(b) be accorded either expressly by, or in the practical application of, any law in force in Nigeria or any such executive or administrative action, any privilege or advantage that is not accorded to citizens of Nigeria of other communities, ethnic groups, places of origin, sex, religions or political opinions.
(2) No citizen of Nigeria shall be subjected to any disability or deprivation merely by reason of the circumstances of his birth.
(3) Nothing in subsection (1) of this section shall invalidate any law by reason only that the law imposes restrictions with respect to the appointment of any person to any office under the State or as a member of the armed forces of the Federation or member of the Nigeria Police Forces or to an office in the service of a body, corporate established directly by any law in force in Nigeria.
From the foregoing provisions of Section 42 of the 1999 Constitution, it does appear the provisions of Section 84 (12) of the Electoral Act 2022 is indeed discriminatory. Upon the passage of the Act, at the point of the President assenting to same, he had clearly raised eyebrow to this section and had urged the National Assembly to immediately set in motion steps at amending(deleting) that section. This the 9th National Assembly has failed and or refused to do.
More still, the 1999 constitution already made provisions on eligibility or otherwise of civil and public officers for elections in Nigeria. The combined reading of sections 66(1)(f), 107(1)(f), 137(1)(g) and 182(1)(g) of the 1999 Constitution, is to the effect that “a person shall not be qualified for election in Nigeria if the candidate is a person employed in the civil or public service of the Federation or of any state and has not resigned, withdrawn or retired from the employment at least thirty (30) days before the date of the (general) election”.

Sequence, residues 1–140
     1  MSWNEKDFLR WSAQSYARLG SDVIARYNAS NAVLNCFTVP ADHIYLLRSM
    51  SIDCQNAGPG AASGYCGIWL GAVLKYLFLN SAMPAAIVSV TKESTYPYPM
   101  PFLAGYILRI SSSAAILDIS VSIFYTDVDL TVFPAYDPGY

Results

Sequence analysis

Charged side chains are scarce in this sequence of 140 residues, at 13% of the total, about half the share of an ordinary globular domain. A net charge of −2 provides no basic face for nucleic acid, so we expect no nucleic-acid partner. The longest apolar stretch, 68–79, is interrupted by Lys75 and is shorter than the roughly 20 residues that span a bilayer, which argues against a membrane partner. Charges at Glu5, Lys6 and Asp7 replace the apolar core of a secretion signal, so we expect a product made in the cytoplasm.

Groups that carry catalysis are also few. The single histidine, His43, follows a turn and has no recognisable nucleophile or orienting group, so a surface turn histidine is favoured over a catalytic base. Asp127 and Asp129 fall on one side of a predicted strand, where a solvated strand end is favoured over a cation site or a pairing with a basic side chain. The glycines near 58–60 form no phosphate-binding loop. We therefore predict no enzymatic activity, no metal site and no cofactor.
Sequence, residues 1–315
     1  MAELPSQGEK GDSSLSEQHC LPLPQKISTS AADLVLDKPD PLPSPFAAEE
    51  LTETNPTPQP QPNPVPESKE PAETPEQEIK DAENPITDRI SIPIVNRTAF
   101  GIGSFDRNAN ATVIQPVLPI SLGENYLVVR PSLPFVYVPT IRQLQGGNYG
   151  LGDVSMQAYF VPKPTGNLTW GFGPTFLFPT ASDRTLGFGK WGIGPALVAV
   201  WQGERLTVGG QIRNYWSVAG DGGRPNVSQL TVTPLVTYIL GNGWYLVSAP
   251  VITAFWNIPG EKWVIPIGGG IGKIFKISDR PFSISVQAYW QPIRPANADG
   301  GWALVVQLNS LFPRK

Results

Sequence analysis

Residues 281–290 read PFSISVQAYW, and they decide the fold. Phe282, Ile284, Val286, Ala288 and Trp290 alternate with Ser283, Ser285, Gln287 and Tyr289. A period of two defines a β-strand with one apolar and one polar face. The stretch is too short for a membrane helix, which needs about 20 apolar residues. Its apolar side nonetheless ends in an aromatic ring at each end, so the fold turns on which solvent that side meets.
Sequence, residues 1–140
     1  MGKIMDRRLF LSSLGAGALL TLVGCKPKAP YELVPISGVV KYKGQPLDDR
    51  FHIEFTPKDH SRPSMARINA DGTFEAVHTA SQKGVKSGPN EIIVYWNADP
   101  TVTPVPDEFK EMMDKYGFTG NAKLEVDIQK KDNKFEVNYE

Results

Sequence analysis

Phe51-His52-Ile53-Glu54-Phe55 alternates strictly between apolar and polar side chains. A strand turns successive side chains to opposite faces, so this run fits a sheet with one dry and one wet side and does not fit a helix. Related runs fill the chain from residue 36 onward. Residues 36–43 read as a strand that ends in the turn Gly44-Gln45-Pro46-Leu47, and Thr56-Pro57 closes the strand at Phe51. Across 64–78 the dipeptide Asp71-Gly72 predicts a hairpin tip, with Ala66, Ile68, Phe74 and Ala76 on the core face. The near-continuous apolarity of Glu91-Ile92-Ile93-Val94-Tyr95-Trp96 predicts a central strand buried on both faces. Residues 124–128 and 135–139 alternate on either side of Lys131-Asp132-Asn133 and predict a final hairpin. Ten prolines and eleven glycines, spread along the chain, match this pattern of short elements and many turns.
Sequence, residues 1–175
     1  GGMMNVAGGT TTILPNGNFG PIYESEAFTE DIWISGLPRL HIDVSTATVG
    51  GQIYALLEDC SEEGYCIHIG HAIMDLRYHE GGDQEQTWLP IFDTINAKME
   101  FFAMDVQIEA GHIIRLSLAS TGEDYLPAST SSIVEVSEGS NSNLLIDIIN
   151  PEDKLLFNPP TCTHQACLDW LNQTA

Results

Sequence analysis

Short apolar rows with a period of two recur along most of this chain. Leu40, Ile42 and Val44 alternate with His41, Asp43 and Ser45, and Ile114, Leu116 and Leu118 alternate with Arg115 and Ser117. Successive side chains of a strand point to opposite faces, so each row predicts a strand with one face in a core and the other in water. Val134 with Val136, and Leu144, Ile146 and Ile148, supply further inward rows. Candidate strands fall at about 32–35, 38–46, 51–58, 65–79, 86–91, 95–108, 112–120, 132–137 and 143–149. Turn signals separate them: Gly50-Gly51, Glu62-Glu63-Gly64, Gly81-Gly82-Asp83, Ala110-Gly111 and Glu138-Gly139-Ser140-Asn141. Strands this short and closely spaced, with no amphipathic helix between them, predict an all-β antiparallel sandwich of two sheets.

The simple interpretation of the above constitutional provision is that any employed civil servant or public servant with intention to contest any election in Nigeria must have relinquished his or her position at least 30 days before the date of election. This provision is however peculiar to civil and public servants. This entails that for non-civil and non-public servants this requirement is not applicable. Incidentally, the Courts have held that political appointees do not fall under civil or public servants as they hold office at the absolute discretion of their boss that appointed them. See the case of SEGUN ONI v. KAYODE FAYEMI & ORS (2019) LPELR-46622(CA), where the Court of Appeal held that a minister being a political appointee is not a civil nor a public servant and is not caught up by the 30 days pre-election resignation condition. This case is still the law today as there is no Supreme Court decision upturning same. The appeal of that decision to the Supreme court was dismissed on the ground of late filing.
It is instructive to note that the decision of the Court of Appeal in Oni v. Fayemi (supra) is in line with the provision of Section 318 of the 1999 constitution as amended. That particular section listed those it referred to as civil and public officers. Political appointees were not listed, as such the maxim that the express mention of a class implies the exclusion of the ones not mentioned applies. This maxim is better expressed in its latin equivalent thus: expression unius personae vel rei, est exclusion alterius or inclusion unius est exclusion alterius.
From the foregoing, it is safe in my humble opinion to say that the 30 days period for election does not apply to political appointees. See also the case of ADAMU V. TAKORI (2010) ALL FWLR (P. 540) 1387 C.A. and PPA v. PDP & ORS (2009) LPELR-4865(CA). The effect of these decisions in my humble opinion is that “the provision of Section 84(12) of the Electoral Act which applies to political appointees cannot and is not inconsistent with sections 66(1)(f), 107(1)(f), 137(1)(g) and 182(1)(g) of the 1999 Constitution since they have different persons in contemplation”.